Cross Country 101: How a meet is scored

Sep 11

I know I went over this at practice, but in case the gnats were flying away with  you, or my horrible chalk display was putting you to sleep, I am putting this mock meet up so you can get the picture of how a meet is scored. I want you all to truly understand the sport – scoring and displacing is a very important piece of he puzzle.

How to Score a Cross Country Meet

 

The first five runners from each team to cross the finish line receive the points that correspond to their place. The first place runner receives one point, the second place runner two, and so on. The team receiving the lowest score wins.

The sixth and seventh runners on a team, although they don’t receive a score, can also be important, in that they can “displace” scoring runners from the other team. For example, consider the following race:

Sample Meet    Secaucus   Hasbrouck Heights
    3rd   1st
    4th   2nd
    6th   5th
    7th   11th
    8th   12th
    (9th)    
    (10th)    
Final Score:   28   31

 

In this meet situation, Secaucus wins 28-31.

As you can see, even though our sixth and seventh place runners’ scores were not added into the total, they were enough to displace the Has Heights fourth and fifth place runners’ scores, and give the win to us. I can’t emphasize again the important role of the #6 and #7 runners!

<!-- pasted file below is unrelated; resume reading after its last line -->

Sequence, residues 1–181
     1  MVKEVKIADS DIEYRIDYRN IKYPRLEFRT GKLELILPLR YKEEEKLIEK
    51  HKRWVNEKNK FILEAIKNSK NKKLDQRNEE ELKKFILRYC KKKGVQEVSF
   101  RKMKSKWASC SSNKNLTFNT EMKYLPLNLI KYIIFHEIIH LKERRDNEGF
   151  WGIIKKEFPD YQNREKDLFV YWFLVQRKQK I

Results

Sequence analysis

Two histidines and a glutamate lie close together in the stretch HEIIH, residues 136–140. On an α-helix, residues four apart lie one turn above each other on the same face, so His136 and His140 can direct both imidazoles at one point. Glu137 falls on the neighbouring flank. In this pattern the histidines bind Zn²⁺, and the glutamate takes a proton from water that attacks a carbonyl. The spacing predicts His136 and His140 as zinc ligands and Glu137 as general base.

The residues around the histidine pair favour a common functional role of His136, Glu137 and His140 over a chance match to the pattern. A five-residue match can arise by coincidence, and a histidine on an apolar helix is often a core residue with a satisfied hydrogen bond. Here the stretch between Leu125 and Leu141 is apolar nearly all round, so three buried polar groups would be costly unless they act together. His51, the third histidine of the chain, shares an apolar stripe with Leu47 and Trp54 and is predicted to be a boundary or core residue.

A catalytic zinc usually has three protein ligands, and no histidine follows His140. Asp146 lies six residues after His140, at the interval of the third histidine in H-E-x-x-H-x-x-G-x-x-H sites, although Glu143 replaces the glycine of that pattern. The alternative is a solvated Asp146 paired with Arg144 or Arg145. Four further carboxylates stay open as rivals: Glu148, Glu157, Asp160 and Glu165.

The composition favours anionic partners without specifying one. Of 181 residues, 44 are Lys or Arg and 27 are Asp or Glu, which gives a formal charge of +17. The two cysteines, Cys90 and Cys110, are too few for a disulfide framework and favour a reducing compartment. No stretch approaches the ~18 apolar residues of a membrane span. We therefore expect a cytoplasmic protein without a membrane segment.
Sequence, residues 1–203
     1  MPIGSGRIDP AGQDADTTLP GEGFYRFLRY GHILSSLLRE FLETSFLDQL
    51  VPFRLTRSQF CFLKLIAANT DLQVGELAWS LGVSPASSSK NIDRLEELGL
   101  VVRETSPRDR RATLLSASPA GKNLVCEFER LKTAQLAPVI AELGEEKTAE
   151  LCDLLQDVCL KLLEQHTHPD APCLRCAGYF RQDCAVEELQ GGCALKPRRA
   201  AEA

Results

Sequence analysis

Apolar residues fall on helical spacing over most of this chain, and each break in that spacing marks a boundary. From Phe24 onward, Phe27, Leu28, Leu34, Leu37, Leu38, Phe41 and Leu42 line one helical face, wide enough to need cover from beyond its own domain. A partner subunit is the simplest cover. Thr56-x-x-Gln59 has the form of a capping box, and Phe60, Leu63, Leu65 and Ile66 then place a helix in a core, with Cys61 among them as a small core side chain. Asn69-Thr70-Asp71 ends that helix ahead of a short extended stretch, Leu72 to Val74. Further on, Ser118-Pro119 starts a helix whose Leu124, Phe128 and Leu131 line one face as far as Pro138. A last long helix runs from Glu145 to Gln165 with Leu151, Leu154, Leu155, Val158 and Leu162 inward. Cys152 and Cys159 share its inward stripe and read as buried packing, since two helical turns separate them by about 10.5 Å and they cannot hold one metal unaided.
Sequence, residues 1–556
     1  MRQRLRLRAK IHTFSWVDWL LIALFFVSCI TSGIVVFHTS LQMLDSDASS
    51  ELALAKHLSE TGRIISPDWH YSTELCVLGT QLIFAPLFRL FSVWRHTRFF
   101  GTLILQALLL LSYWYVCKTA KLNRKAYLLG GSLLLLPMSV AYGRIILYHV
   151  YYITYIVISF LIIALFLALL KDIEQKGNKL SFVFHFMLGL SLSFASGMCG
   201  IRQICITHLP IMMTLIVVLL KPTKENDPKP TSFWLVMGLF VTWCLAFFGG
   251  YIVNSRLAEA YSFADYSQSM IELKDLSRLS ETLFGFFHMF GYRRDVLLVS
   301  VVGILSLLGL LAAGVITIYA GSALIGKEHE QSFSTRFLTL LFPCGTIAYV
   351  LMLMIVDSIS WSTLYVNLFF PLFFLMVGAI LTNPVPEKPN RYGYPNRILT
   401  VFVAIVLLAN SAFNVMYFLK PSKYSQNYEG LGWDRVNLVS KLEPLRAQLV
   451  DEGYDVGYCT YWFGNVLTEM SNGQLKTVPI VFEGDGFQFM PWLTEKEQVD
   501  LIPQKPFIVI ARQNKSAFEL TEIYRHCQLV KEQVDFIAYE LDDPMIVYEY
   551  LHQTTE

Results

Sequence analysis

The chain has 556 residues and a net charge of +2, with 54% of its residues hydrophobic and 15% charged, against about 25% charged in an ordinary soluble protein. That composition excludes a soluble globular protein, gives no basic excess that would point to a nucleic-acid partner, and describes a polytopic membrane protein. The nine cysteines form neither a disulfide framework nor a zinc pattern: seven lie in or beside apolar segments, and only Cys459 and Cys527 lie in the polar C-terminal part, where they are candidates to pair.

A score of 27 or less always wins a meet, as does having the first, second and third place winners, with at least five runners finishing. This final instance is called a “sweep”. This only pertains to dual meets.

 

Invitational or Championship

Your team gets the points for the actual place that you earn when crossing the finsh line. For example if we went  11,18,21,23,34 (36, 40) – our score would be the first five runners = 107

If a school enters less than 5 runners or starts a team and does not finish with 5 runners, their places are displaced. Meaning if a team ahead of our first runner (in the case 11th) was 10th, that 10 points would be awarded to us and the ENTIRE field of runners bump up into new scoring positions.

 

 

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